“If the fire does ar­rive, I sus­pect it will come first hit the ground near Echo Point,” said Robert An­der­son, a do­cent with the Mount Wil­son In­sti­tute, a non­profit that op­er­ates and main­tains the his­toric cam­pus.

“The ter­rain al­lows no stop­ping that without the air sup­port.”

An­der­son is most con­cerned about the nearly 100year-old dor­mi­tory, known as the Monastery, where as­tronomers would sleep dur­ing the day be­fore work­ing the night shift at the ob­ser­va­to­ries.

“The Monastery is perched on a ridge, a fin­ger of gran­ite, that is ex­posed on three sides with steep walls,” he said. “That whole ridge down to the Monastery could eas­ily to be lost without fire sup­pres­sant on it.

The home of the 20th cen­tury’s most cel­e­brated as­tronomers is on the line.”

Ad­di­tional per­son­nel have been added to the fire crew, which has been stymied by the ag­gres­sive, fuel-driven blaze for days, but the fire crossed the con­tin­gency line and was burn­ing along the east side of Lit­tle Santa Anita Canyon — the clos­est it had been to the observator­y and threat­ened com­mu­ni­ties, Dan­tic said.

“We were in the process of mak­ing a con­tain­ment line around the whole fire, but un­for­tu­nately, with the steep ter­rain and the fuel there, the fire got over a con­tin­gency line that we were try­ing to make,” he said.

Con­tin­gency and con­tain­ment lines are bar­ri­ers made by bull­doz­ers and hand crews that help re­duce fire fuel, but they’re not fool­proof.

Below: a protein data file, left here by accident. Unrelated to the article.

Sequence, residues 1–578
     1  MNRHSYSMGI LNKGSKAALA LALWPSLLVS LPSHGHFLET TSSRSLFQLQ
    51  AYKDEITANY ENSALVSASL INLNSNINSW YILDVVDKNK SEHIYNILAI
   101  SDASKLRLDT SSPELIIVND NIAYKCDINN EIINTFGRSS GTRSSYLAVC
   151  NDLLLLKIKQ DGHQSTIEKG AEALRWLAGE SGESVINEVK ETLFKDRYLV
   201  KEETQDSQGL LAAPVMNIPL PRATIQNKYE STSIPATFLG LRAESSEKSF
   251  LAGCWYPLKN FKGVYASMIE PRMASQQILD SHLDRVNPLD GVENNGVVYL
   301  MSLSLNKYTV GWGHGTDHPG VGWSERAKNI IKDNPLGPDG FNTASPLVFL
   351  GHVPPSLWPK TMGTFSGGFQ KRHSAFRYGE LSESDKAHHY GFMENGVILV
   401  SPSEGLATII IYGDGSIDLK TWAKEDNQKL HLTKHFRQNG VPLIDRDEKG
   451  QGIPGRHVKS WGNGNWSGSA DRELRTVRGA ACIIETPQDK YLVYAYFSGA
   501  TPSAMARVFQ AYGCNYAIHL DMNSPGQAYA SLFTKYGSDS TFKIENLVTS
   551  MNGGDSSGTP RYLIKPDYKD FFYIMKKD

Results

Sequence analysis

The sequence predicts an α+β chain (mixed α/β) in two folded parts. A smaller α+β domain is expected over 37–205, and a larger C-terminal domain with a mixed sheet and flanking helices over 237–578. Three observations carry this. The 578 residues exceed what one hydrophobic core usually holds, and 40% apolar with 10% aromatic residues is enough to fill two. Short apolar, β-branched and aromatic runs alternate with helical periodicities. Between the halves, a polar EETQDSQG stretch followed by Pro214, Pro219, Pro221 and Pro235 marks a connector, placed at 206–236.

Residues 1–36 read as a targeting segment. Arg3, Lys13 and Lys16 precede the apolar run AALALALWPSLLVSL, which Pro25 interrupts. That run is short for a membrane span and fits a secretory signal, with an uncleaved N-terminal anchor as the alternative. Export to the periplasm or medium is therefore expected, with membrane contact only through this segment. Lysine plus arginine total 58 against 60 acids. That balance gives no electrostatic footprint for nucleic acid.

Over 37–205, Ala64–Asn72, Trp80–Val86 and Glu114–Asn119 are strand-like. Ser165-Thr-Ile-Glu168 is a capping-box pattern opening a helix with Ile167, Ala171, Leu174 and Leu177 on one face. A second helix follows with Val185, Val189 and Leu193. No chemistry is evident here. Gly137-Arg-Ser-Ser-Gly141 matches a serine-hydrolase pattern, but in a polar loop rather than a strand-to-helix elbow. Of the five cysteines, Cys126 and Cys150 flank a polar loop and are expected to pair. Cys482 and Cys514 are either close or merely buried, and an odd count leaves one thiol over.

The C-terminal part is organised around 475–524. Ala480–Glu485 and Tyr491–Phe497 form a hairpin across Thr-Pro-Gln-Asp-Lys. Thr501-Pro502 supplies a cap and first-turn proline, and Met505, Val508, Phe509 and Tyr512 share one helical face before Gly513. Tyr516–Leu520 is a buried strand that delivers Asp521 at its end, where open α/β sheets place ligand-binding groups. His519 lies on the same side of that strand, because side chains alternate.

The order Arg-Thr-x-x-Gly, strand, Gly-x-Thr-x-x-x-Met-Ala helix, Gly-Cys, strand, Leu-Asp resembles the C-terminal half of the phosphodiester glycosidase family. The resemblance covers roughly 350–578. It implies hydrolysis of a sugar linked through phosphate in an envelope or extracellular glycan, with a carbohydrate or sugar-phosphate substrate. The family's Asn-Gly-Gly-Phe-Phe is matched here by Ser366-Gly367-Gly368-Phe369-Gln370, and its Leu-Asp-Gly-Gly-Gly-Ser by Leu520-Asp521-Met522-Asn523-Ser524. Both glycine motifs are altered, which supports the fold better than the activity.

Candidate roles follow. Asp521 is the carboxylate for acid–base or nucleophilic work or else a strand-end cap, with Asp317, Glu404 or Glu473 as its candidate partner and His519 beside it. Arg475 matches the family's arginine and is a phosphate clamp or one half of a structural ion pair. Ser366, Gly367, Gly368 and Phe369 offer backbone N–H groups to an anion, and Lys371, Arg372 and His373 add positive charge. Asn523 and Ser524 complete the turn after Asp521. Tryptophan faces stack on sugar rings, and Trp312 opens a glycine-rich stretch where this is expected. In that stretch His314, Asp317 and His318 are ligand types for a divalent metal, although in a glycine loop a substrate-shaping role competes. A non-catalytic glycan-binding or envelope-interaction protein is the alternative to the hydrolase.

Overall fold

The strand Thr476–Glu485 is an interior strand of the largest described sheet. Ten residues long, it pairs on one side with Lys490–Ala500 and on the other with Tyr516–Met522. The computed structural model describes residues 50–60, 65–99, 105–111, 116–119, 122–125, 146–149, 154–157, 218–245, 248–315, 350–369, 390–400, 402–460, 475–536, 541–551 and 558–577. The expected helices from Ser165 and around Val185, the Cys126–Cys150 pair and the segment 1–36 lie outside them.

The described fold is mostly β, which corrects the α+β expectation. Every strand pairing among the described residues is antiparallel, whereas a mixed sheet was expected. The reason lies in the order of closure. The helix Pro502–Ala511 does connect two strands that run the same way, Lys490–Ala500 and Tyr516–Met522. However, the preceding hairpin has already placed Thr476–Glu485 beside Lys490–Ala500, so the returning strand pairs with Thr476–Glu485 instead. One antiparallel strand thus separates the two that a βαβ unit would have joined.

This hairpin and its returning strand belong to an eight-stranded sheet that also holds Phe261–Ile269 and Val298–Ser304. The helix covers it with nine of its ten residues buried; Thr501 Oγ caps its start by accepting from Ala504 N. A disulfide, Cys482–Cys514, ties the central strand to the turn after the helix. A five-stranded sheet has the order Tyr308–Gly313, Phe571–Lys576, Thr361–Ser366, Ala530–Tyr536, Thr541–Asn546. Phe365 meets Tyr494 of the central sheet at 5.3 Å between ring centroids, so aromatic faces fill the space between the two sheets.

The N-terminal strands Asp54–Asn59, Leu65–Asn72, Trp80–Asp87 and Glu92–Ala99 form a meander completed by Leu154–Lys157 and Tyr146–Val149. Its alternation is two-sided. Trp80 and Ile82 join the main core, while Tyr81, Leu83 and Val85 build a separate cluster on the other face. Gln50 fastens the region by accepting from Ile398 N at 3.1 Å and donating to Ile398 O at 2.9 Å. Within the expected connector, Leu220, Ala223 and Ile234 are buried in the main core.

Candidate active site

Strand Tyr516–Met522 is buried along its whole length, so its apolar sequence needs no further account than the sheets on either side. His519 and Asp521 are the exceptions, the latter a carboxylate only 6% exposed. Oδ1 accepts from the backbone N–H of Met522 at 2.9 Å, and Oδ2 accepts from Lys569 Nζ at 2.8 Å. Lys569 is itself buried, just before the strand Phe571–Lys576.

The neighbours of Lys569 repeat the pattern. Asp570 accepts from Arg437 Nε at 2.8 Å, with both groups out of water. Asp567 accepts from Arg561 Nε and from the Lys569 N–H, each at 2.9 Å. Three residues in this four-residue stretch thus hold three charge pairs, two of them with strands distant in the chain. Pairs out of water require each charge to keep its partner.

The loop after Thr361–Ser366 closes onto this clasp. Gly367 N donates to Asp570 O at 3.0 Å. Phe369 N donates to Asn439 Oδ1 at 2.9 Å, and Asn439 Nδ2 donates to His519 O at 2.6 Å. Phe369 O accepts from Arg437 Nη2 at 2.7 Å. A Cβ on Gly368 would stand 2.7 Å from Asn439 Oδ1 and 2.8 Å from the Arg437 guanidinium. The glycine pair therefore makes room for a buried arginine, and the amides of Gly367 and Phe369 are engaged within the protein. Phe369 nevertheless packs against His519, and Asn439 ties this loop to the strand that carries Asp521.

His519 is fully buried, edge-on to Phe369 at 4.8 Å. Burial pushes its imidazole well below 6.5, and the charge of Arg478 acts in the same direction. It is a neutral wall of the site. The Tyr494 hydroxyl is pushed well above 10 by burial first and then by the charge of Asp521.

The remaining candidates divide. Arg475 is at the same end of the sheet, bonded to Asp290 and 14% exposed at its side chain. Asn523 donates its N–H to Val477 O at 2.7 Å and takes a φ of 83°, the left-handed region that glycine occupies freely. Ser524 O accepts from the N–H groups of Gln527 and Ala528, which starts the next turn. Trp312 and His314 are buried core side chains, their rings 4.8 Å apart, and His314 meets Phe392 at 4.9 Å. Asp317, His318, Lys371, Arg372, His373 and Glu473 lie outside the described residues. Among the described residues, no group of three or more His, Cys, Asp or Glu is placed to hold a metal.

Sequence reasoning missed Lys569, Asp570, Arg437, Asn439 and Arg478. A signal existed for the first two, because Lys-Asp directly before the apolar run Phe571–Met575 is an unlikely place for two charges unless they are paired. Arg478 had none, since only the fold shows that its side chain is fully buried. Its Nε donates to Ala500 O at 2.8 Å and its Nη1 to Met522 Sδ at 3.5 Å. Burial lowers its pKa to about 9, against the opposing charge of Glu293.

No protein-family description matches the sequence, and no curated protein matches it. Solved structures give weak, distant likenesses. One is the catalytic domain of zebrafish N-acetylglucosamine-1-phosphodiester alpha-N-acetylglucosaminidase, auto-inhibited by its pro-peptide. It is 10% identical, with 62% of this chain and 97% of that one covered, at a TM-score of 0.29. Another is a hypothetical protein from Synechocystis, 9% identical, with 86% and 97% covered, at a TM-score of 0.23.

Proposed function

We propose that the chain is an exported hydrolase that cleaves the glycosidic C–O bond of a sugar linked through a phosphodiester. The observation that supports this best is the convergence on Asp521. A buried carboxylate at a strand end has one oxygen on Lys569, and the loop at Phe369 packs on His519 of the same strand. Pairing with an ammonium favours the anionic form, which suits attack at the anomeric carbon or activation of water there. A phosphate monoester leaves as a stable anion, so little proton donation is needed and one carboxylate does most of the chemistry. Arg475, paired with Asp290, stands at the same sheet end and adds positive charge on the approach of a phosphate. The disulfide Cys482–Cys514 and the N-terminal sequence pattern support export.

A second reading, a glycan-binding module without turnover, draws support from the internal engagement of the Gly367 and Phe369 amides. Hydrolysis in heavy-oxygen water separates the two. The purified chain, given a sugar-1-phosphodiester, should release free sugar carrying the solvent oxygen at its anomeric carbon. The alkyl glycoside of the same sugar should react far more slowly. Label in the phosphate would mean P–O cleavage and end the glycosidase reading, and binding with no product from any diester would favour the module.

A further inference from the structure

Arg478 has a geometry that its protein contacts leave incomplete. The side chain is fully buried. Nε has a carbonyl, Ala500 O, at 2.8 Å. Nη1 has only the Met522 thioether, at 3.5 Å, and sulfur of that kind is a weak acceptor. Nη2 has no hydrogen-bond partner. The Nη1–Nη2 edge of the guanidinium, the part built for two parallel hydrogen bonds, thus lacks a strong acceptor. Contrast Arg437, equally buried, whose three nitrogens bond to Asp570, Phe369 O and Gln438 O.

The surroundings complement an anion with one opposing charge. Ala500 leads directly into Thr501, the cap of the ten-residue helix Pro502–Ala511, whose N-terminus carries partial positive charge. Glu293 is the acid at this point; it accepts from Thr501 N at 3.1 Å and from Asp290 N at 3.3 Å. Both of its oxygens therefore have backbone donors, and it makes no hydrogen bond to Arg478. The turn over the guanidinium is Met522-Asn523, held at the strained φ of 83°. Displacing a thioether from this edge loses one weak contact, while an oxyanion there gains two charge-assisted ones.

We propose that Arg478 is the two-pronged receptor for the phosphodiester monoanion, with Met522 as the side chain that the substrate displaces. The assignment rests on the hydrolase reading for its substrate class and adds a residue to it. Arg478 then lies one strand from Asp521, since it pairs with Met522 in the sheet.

“When flame lengths get so big,” Dan­tic said, “there’s al­ways the pos­si­bil­ity of an em­ber start­ing an­other fire out­side of the con­tain­ment line.”

In the for­est’s Big Santa Anita Canyon, of­fi­cials said they feared 80 his­toric cab­ins, along with the 1893-built Sturte­vant Camp, might have been burned as flames swept through the area Sun­day and Mon­day.

“These are his­toric build­ings made of wood and rock and pre­served as such un­der For­est Ser­vice rules,” said Ben Fitzsim­mons, pres­i­dent of Big Santa Anita Canyon Per­mit­tees Assn. “It is un­likely that this 100-year-old com­mu­nity has sur­vived un­scathed.”

Fitzsim­mons said he didn’t know the ex­tent of dam­age in the area but mourned the pos­si­bil­ity that many of the his­toric struc­tures “may no longer ex­ist.”

The cab­ins, built be­tween 1907 and 1936, are not typ­i­cal real es­tate. Own­ers are is­sued a “spe­cial use per­mit” to lease the land from the U.S. For­est Ser­vice, ac­cord­ing to the group’s web­site . Cab­ins can’t be pur­chased us­ing a mort­gage, and own­ers can’t use them as their pri­mary place of res­i­dence.

The re­sult, Fitzsim­mons said, is a small, close-knit com­mu­nity of peo­ple who of­ten spend ev­ery week­end to­gether — peo­ple who “gather to work on each other’s cab­ins and so­cial­ize to­gether, bonded by our shared ex­pe­ri­ence and love for this unique place that has been a com­mu­nity since the early 1900s.”

Dan­tic, the L.A. County fire cap­tain, couldn’t con­firm whether the fire had reached the Big Santa Anita cab­ins, but com­mu­nity mem­bers braced for bad news.

“We think we lost most of it,” said Deb Burgess, a cabin owner.

Burgess was doubt­ful that the For­est Ser­vice would al­low any burned cab­ins to be re­built.

Ir­fan Khan Los An­ge­les Times

Robert Gau­thier Los An­ge­les Times

CREWS FROM Glen­dale and Mon­rovia watch a con­trolled burn as the Bob­cat fire nears homes.

Ir­fan Khan Los An­ge­les Times

AS SEEN from Ar­ca­dia on Tues­day, the sun is ob­scured by heavy smoke from the Bob­cat fire in An­ge­les Na­tional For­est. The fire, which started Sept. 6 and grew to more than 41,000 acres, is only 3% con­tained.